10 best hard rock music videos of the 2010s


If the 2000s were the decade when music video budgets got too inflated, then the 2010s were the time when directors started to run out of ideas. There have been some brilliant music videos over the past decade, but with the sheer amount of content it has become more difficult to come up with an original concept.

Childish Gambino’s video for This In America was a rare example of how a well-thought-out idea can impact the times. Likewise, when Joyner Lucas released his anti-Trump video for I’m Not Racist, it redefined what rap videos could be. Both were difficult to watch; it was not about entertainment, they had a message. Hip hop and rap have become the genres at the forefront of protest music.

The realm of video rock (for the most part) has become a revolving door of groups filmed in an isolated landscape or in the center of a giant warehouse … and these videos are good if not somewhat reductive. For the most part, they are simply used to put a face to the names of your favorite musicians.

But not all of the 2010s rock videos were snoozefests. There were a number of ways for bands to stand out, whether it was by using humor, finding a really original concept, or just keeping it simple.

With this clip came the transition of the Arctic Monkeys from the mod-cut indie kids of the 2000s to the sporty pompadour rockers of the 2010s. It was all about leather jackets and swagger from now on. AM was a smooth record and the band knew it.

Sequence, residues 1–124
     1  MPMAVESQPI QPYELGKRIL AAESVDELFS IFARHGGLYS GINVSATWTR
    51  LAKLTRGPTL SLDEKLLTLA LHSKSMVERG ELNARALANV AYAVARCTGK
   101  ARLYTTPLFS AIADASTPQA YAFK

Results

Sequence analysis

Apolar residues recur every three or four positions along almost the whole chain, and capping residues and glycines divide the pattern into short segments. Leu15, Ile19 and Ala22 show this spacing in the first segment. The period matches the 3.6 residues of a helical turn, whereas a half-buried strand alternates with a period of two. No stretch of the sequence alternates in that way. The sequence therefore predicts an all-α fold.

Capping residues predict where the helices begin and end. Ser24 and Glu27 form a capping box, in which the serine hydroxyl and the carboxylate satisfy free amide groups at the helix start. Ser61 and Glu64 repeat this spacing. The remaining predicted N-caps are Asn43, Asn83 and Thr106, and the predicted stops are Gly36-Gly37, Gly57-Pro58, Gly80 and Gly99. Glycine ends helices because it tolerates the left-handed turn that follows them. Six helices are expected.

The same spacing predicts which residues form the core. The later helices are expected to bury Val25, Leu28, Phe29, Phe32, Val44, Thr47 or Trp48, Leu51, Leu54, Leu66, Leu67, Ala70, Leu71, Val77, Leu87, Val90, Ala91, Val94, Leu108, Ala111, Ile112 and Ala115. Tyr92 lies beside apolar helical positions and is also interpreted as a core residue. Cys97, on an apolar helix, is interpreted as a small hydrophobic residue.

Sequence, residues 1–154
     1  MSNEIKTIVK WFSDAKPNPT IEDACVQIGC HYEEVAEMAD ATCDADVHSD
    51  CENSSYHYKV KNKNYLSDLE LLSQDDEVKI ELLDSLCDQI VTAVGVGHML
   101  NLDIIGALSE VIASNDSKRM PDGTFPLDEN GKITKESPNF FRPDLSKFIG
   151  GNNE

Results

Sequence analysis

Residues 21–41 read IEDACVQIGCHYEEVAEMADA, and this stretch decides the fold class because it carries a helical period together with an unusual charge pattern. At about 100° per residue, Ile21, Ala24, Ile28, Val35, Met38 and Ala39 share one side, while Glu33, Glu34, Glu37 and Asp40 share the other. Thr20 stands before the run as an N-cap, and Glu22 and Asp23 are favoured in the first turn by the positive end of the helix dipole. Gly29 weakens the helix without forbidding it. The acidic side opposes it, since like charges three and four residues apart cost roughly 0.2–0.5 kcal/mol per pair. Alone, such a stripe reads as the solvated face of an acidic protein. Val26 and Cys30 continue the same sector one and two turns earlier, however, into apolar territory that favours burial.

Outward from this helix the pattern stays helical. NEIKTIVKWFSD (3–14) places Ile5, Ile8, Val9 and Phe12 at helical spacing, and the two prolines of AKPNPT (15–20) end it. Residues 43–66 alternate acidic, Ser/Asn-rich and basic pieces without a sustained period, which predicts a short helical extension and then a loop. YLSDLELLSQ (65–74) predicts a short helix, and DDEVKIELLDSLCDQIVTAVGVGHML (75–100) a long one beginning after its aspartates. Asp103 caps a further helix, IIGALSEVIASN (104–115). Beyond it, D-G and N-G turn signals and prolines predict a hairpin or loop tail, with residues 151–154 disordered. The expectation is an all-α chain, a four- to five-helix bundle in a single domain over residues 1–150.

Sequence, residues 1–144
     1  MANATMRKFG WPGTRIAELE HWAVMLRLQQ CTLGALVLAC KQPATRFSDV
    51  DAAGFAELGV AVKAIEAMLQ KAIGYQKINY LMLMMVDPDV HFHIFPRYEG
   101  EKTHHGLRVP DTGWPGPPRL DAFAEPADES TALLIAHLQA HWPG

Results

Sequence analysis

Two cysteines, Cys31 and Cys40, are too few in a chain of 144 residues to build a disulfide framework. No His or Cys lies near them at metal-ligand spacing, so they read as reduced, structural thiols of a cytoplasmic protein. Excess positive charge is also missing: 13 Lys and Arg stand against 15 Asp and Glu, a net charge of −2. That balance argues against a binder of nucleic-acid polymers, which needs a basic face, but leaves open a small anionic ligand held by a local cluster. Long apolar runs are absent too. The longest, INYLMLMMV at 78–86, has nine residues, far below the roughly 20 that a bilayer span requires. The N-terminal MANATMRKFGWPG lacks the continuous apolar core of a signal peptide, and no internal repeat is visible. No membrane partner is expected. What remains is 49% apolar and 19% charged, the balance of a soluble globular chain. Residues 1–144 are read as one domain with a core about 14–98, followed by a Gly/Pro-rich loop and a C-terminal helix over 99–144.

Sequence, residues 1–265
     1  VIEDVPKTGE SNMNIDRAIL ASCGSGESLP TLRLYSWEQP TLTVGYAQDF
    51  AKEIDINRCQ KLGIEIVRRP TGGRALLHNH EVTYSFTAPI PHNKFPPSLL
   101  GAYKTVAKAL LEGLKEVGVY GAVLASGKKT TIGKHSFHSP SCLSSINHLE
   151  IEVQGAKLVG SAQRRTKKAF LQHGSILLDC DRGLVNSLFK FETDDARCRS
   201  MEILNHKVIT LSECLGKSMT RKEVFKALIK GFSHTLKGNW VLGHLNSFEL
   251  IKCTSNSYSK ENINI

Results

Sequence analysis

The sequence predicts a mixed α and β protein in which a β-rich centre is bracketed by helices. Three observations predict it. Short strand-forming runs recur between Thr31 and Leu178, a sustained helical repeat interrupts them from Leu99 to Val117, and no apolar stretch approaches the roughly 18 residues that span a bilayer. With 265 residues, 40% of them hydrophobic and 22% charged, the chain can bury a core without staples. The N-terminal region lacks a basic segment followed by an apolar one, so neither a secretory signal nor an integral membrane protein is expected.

The video opened with the Monkeys in a bar, decked out in their newly acquired looks, on the soundtrack of Do I Wanna Know? In no time, the suave and naughty Alex Turner finds himself on the other side of too many tequilas and decides to end it.

This is where the music for the video actually kicks in. Despite all the previous poses at the bar, audiences get a glimpse into Turner’s insecurities. He is shown imagining an indescribable woman engaging in a number of obscene acts with random men. We then hear about Alex Turner channeling the undertones of Captain Jack Sparrow, as he stumbles across east London. As the song’s title suggests, the video portrays Turner’s obsession with (presumably) a partner as he bombards her with misguided drunken messages to be rejected.

Maybe it was a simple concept, but it worked.


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